Tidewater Traveler - February 2011

 

Remember When?
by
George W. Sellers

 

Travel has changed! Or, have we changed?
Remember when – every time you drove your car into a service station to fill up with gasoline, a uniformed attendant popped out of the station, started pumping the gas, then lifted your hood to check the oil and washed your windshield. And while all this was going on, he would actually talk with you. Every time! Remember when?
At that same service station you could get full-color detailed maps for just about any part of the country – and they were free! Once opened, they could never be returned to their neat, flat, original folded condition.
You could travel by train from the Claiborne steamboat dock in Talbot County all the way to Ocean City, crossing many creeks and rivers on railroad bridges. Remember the train bridge across the Nanticoke River at Vienna? I don’t – but I have seen a picture of it.
School buses had wood-framed bodies; students sat on long benches down each side, and in the center of the floor was a small coal stove. I don’t remember it, but my mother and her father had such a bus, the body of which had been built for them by Jim Richardson, who later became a renowned Eastern Shore boat builder.
On road trips in the family car, small children stood on the floor-hump in the back and rested their arms and chin on the back of the front bench-seat. People rode in the car trunk; it was called a rumble seat. It looked romantic, but I bet it was a bumpy ride. Seat belts? No such thing!
All male passengers on airplanes wore suits, ties and hats; the ladies dressed up too, and there were no screaming kids!
You could travel by bus from almost any little town along the route to almost any other little town. And if you were not in a little town, you just had to wave and the bus would stop and pick you up.
To cross the Chesapeake Bay for a road trip to Baltimore you drove your car onto a ferry for a peaceful 45-minute cruise from Matapeake to Sandy Point.
You could stand on the running board of a car or truck and hang on for a short ride. Some kids would hang on for a ride even when the driver did not know they were there.
Picking up a hitch-hiking sailor in uniform and toting a duffle bag was the right thing – the patriotic thing to do, and no one considered it dangerous.
Families were so large that it was not uncommon for someone to be left behind in the service station restroom; and, of course, none of the other children would mention that little Johnny was missing because it gave them more space.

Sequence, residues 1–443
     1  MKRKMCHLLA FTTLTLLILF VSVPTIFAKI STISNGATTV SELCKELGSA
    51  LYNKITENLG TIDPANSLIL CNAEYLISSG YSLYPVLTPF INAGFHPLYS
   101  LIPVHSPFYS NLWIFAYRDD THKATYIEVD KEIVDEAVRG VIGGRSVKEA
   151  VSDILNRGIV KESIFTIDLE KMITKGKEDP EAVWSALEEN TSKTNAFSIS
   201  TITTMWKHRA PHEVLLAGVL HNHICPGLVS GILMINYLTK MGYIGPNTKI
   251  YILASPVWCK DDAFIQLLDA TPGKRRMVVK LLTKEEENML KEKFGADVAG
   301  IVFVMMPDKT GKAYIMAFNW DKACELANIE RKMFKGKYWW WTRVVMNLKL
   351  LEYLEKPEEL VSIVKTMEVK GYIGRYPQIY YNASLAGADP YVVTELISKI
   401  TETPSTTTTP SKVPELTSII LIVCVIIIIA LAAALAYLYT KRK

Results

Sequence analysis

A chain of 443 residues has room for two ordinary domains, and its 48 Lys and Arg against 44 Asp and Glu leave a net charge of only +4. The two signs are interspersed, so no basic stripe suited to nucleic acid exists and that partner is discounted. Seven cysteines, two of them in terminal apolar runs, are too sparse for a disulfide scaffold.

Ocean cruising was for the very wealthy or for the very poor. The very wealthy cruised for business and vacation; the very poor cruised to escape their conditions and to seek a new life in the Land of Freedom. Cruise ships had physical barriers to separate sections of the ship for various classes of service.
A person of color had to use a separate restroom – if any; and had to eat in a separate section of a restaurant – if at all. They had to ride in the back of the bus, if at all, and had very few places to stay while traveling– if any! Some travel memories are nostalgic, while some are just painful.
A “big trip” was driving from Federalsburg to Denton, or from Denton to Cambridge.
Back in the day you parked your car along the curb in front of Friendship Airport and your family walked all the way to the gate to say goodbye and watch you board the plane. And then you walked out onto the tarmac and climbed a set of stairs to board the plane.
In the pre-McDonald’s era the family car had a pee jar under the seat, and in the trunk was a picnic basket and drink cooler. Roadside picnic tables were abundant and fairly clean. They were called “wayside picnic areas.”
Airplane meals were served with real china, silverware and cloth napkins.
Airplane meals were served!!
A network of steamboats covered the Cheasapeake Bay and most of the inland rivers on DelMarVa. Most river towns in the Mid-Shore area had steamboat wharves. Steamboat was the travel mode of choice to reach Baltimore from the Eastern Shore of Maryland.
Overnight accommodations for a road trip were little individual cabins all lined up in a row.
The supersonic Concorde flew a regular, nonstop route between New York and Paris, making the trip in just over three and a half hours, about half the time of a conventional jet liner. The Concorde made its last passenger flight way back in May of ’03 (2003, that is). The Concorde has been relegated to the Smithsonian Air & Space Museum Annex near Washington-Dulles Airport.
Even the average person would freely eject trash paper and cigarette butts from the car window, not thinking there was really anything wrong with doing it. I’m glad we got that one under control – most of us, anyway, although some people still live in the past.
Suitcases were made of thin cardboard and had no wheels. And, they were called suitcases because they actually held suits.
And, speaking of travel accessories ...
The whip socket was a travel accessory on nearly every type of wheeled transportation. First-class vehicles were equipped with brass ones, while the whip sockets used by us regular folk were wooden. Now, in case you do not remember this, or you have never heard of a whip socket, I am going to leave you hanging. See if you can find out what a whip socket is. Perhaps you have one.
In case you cannot find the answer anywhere else, on February 12, 2011, I will post a description and some pictures of whip sockets on my Facebook page. If you already know what whip sockets are, go to my Facebook page and tell everyone else; post a picture if you have one.
Ah, yes! Travel has changed, but maybe we have too!
May all of your travels be happy and safe!

George Sellers is a Certified Travel Counselor and Accredited Cruise Counselor who operates the popular travel website and travel planning service www.SellersTravel.com. His Facebook and e-mail addresses are George@SellersTravel.com.